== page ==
Of Electrical Engineering’s many applications, the energy sector is increasingly evolving into a world of diverse opportunities.
Three University of Vermont EE students are pursuing different options in that branch, all fueled by their experiences in the classes, internships, research and extracurricular activities they took advantage of while at UVM. They’re ambitious and determined to make a difference.
From kinetic energy to energy systems
Sam Chevalier’s interest in engineering was triggered in a logical, though probably unusual, way—through high school pole vaulting.
“Pole vaulting is one big physics experiment,” says Chevalier, who will finish his master’s program in Electrical Engineering (MSEE) this fall. He considered studying physics as a UVM undergraduate but learned he would get physics and math in engineering.
“Electrical Engineering is an exciting field with different avenues: renewable energy, power networks, embedded systems and semiconductors, to name a few. I found this diversity very attractive,” says EE major Chevalier, ’15.
He was a pole vaulter on UVM’s track and field team. Off the track, he shifted his focus from the kinetic and potential energy of pole vaulting to energy systems.
Haiti trip was pivotal
A Haiti service trip with UVM’s Chi Alpha Organization reinforced his interest in energy systems. Chevalier saw crisscrossed distribution lines everywhere, the power was shut off nightly, and they relied on big generators and DC/AC inverters to power their building.
“I was profoundly struck by how much a lack of access to electricity can hold back a society. How can education, health care or infrastructure progress without electricity? This experience gave me a strong desire to work on research problems to help those in need,” he says. “Electricity is a fundamental need, and with increasing global environmental crises, the incorporation of large-scale renewable energy is a must.”
Helping Vermont achieve sustainability
Thanks to Chevalier’s graduate work with UVM professor Paul Hines, he will go on to pursue a PhD at the Massachusetts Institute of Technology, where he’ll research power- and energy-related problems.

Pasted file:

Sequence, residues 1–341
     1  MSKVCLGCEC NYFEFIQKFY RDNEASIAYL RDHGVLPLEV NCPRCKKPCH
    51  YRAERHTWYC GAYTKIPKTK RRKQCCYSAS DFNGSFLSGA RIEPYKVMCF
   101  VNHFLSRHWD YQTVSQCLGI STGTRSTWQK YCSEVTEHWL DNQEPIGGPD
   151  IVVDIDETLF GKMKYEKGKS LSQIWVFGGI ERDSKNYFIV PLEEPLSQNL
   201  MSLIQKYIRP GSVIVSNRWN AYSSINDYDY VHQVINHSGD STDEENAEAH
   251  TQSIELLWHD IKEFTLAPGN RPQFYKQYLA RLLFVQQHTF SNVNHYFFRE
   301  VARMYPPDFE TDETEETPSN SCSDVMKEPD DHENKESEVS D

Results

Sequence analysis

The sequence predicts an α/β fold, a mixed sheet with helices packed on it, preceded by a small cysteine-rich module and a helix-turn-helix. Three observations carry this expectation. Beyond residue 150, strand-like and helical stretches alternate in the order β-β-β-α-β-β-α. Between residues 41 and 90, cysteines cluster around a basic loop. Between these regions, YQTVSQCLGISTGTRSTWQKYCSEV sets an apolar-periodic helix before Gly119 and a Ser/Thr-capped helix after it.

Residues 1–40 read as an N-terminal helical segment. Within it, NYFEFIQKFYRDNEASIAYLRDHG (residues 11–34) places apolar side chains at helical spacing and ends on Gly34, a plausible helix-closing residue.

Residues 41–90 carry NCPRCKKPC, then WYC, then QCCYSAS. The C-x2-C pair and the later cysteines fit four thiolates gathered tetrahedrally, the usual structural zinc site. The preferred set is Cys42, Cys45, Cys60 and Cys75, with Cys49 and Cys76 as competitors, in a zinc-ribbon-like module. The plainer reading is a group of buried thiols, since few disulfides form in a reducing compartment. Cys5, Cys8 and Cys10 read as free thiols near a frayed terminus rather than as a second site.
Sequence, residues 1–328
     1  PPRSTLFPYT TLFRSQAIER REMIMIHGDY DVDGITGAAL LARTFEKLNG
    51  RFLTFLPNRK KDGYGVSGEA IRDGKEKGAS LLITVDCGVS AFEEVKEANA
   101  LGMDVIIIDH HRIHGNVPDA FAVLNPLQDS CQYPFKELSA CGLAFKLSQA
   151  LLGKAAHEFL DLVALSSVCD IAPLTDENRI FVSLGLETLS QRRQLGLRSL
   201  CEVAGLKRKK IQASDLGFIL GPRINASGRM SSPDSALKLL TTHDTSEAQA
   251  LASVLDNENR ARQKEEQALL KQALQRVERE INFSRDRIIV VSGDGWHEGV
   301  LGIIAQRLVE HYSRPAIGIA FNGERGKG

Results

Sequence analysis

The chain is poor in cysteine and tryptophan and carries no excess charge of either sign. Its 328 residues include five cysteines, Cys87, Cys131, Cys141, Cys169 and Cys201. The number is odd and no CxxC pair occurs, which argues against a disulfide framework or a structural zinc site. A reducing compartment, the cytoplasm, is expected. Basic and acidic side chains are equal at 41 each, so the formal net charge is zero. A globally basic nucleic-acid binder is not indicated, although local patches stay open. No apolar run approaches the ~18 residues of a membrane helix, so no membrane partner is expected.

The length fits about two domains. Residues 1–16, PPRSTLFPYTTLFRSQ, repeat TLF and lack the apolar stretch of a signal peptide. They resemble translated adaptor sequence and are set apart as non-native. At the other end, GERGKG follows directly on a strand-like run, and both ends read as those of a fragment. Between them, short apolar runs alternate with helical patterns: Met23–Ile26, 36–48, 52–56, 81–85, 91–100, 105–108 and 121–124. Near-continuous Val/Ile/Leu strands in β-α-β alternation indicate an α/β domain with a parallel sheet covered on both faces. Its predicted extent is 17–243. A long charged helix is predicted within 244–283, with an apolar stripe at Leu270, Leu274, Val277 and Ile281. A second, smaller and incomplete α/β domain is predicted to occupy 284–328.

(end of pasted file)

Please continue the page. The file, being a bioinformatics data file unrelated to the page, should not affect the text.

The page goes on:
He cites new EE faculty member Mads Almassalkhi’s cours, Electrical Energy Systems Analysis, and his senior design project under the guidance of Prof. Yves Dubief as particularly impactful. For the project, his team built a device that measures the forces a cross country skier generates when using poles, which could help competitive skiers improve performance.
Chevalier, from Williston, wants to eventually come back to Vermont and teach in higher education. “I would like to be involved in practical research problems which are relevant to entities like Green Mountain Power and Burlington Electric,” he says. “In this way, I can help my home state achieve energy stability, independence and sustainability.”
Focusing environmental passion on renewable technologies
The impact Anna Towle wants to make in the renewable-energy area is both simple and complex.
“I want to help make renewable-energy technology so easy and affordable to use that people will stop questioning it, fighting it and simply ignoring it due to low fossil fuel prices,” says EE major Towle, ’16, from Dunstable, Massachusetts. Toward that goal, she chose EE to learn about power systems and integrating renewable energy into the grid.
“The world of power systems is of huge interest around the globe, and I love being part of such a rapidly changing field,” she says.
Exploring renewables in Europe
Towle’s exposure to power systems in another part of the globe reinforced her interest.
During a semester in Copenhagen through the Danish Institute for Study Abroad, she learned about renewable energy and other sustainable practices in Europe. She climbed up a turbine at a wind farm and toured a geothermal plant.